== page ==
More nuanced and less bombastic rhetoric continues from those in a position of authority aimed at stilling public fears of radiation, and by extension, the anxiety of the Fukushima refugees. Leading the charge is the Health Physics Society. At a recent panel on Fukushima presented by the Health Physics Society, one of the panelists, Dr. John Boice Jr. of Vanderbilt-Ingram Cancer Center, declared that the danger to public health from radiation was so insignificant there was no point in studying the long-term health impact of the exposed population of Fukushima, explaining that, “There’s no opportunity for conducting epidemiological studies that have any chance of success…the doses are just too low.…If you were to do a proposal, it would not pass a scientific review.”[11]

The push to minimize the impact of radiation from Fukushima in the press in the lead up to the first anniversary of the events has been very noticeable in the US. A recent article in Scientific American explained to readers that, “Heart disease and depression are likely to claim more lives than radiation after the earthquake, tsunami and nuclear accident, experts say.”[12]

This follows similar statements made in defense of the nuclear power industry in the United States throughout the pushback on negative perceptions of nuclear power since Fukushima. Addressing the role of the scientific community should there be a similar meltdown at the Vermont Yankee plant in Vermont, Dr. Harold Swartz explained at a public seminar that, “in the real events of Fukushima, or the theoretical events at Vermont Yankee, the “worried well” are the major issue. Civilians will not experience exposure at a dose which would measurably increase their chances of getting cancer or limit their life-expectancy. At the same time, they will not believe any official reassurances that ‘everything is okay.’ It would be the duty of the scientific community to explain that people are not in danger of cancer or early death. In other words, it would be the duty of the scientific community to reduce one of the major public health effects of any type of accident: fear and anxiety.”[13]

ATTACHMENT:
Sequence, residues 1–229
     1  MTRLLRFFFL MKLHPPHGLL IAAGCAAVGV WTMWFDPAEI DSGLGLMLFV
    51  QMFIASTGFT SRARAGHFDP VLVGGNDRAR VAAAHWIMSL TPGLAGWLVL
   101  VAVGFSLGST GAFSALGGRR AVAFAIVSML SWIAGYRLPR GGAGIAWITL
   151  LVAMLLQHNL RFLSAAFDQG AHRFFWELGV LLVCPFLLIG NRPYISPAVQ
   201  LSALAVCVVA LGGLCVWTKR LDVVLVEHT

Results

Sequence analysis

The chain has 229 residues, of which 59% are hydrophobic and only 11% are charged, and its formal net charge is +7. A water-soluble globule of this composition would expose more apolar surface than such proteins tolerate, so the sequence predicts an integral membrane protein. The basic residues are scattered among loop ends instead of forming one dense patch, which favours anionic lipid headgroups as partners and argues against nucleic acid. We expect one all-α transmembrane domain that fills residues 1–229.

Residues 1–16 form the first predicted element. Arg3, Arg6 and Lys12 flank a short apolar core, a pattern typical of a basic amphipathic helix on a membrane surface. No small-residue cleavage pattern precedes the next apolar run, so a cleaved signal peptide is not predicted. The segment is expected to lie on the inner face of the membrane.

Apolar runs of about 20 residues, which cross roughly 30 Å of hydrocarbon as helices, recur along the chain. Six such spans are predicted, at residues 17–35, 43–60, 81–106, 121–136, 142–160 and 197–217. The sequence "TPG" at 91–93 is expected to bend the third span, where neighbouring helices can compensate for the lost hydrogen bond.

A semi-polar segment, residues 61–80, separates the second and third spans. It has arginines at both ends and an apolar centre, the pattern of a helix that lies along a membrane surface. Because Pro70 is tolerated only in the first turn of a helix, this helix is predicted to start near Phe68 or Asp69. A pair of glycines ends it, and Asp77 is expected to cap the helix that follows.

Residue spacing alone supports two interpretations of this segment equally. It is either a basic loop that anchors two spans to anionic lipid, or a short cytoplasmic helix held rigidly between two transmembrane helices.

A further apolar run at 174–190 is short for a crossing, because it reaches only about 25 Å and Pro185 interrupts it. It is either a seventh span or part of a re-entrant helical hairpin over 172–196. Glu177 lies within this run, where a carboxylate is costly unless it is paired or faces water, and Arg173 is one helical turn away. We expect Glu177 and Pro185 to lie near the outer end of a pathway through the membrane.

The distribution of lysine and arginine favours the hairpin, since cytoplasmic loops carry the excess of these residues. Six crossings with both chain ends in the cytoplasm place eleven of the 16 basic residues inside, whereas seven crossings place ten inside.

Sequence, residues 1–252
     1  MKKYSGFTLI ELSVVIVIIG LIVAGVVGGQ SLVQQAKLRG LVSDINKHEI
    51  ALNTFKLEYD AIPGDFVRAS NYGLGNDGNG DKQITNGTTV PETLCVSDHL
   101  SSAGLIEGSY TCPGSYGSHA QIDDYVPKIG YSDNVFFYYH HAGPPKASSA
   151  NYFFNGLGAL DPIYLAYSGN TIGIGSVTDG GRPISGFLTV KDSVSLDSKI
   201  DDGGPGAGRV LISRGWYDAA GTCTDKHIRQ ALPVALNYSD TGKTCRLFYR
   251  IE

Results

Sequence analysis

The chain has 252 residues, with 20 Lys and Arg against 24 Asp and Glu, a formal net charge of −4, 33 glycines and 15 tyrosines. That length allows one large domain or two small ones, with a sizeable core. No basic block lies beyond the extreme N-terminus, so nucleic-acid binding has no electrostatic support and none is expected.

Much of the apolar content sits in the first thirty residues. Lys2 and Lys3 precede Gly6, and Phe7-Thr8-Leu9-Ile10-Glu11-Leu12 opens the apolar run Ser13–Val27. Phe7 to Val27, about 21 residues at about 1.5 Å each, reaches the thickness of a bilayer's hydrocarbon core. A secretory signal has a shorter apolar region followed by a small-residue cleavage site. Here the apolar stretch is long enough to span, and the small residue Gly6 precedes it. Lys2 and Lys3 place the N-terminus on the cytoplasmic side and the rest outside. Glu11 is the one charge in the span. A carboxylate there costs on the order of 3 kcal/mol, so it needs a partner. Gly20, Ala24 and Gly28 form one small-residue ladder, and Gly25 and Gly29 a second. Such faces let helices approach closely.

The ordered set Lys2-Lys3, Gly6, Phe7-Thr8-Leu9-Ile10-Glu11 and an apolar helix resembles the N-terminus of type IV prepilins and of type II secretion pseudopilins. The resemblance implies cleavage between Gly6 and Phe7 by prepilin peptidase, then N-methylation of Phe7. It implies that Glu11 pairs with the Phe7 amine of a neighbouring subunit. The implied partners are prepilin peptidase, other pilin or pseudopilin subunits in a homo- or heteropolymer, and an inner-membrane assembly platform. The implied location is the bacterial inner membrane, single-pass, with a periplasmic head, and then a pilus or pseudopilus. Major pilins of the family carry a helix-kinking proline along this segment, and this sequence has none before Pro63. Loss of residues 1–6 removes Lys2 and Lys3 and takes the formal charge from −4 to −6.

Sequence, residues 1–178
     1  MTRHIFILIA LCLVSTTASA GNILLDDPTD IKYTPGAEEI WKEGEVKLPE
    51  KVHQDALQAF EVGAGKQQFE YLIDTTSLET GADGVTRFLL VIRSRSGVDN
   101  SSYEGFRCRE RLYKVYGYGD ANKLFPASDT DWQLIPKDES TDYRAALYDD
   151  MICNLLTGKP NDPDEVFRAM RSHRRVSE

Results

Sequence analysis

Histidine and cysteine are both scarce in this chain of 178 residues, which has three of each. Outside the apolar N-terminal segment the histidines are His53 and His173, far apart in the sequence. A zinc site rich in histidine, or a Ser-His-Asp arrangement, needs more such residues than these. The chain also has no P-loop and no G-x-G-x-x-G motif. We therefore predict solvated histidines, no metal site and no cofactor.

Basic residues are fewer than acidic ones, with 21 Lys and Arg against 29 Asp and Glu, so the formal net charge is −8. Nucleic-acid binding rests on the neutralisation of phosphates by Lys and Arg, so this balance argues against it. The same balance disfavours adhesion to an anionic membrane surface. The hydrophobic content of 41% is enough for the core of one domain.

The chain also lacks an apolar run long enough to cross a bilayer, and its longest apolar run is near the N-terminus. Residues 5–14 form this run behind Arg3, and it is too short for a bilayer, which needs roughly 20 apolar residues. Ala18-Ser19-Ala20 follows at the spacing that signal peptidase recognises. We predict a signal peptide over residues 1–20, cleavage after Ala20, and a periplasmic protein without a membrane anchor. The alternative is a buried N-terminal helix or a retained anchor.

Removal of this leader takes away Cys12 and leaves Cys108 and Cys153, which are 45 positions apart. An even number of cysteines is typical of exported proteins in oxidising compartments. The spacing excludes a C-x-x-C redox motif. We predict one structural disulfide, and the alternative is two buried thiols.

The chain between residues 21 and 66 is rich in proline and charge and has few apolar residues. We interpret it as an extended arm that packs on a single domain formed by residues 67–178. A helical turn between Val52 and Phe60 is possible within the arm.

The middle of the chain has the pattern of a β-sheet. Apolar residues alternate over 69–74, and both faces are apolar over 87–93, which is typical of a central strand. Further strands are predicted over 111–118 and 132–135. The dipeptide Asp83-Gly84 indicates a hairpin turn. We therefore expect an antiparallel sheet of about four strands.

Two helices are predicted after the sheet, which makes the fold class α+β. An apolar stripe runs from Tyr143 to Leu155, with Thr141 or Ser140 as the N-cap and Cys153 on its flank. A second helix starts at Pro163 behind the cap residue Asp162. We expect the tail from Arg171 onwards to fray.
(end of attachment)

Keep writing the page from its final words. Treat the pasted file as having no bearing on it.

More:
Such a high level push takes tolls on the ground as well:

“In the weeks following the March 11th disaster the estimated exposure dose for children was abnormally elevated, leading the Japanese government to begin testing to deduce the amount of radioactive iodine concentrated in the thyroid of over 1000 children shorty after the accident.  Many parents demanded the tests, drawing parallels with the 1986 Chernobyl nuclear disaster, after which locals reported thyroid disorders, a problem sometimes associated with radiation exposure.

The Japanese Yomiuri report shows that the government’s Nuclear Emergency Response Headquarters did not fulfill requests from the Cabinet’s Nuclear Safety Commission of Japan (NSC) to conduct further testing on the internal radioactive exposure of children, due to fears of how the public may react to the inspections.”[14]

Now, a year after the disaster began, with the government declaring the crisis “over” and proclaiming that the corium that it cannot locate or determine the temperature or condition of is in “cold shutdown,” the attention of the apologists for the nuclear industry has turned to framing any health problems caused by the crisis as the fault of the victims and antinuclear critics. This strategy is clearly designed to assuage public anxiety about nuclear power in the wake of the Fukushima meltdowns. They feel it is necessary to press their case and demean their opponent’s intelligence and views. The effects that this strategy has on the victims in Fukushima can simply be attributed, as are their distresses as a whole, to irrational anxiety.

Just as for those who suffered radiation exposures from nuclear testing in the dozens of communities around the world, and those who suffered from direct nuclear attack in Hiroshima and Nagasaki, these exposures are simply the initial victimization. In defense of nuclear technology, both weapons and power plants, keeping the health effects of the victims out of the public eye is so valuable a goal that the repeated victimization of these hibakusha is business as usual.

 Robert Jacobs is a historian working on the cultural and social effects of nuclear technologies working at the Hiroshima Peace Institute/Hiroshima City University. He is the author of The Dragon’s Tail: Americans Face the Atomic Age (Massachusetts 2010), the editor of Filling the Hole in the Nuclear Future: Art and Popular Culture Respond to the Bomb (Lexington 2010).

[1] “Fukushima No. 2 plant was ‘near meltdown’,” (February 10, 2012):

[2] Robert Jacobs, “Social fallout: Marginalization after the Fukushima nuclear meldown,” The Asia-Pacific Journal (July 11, 2011):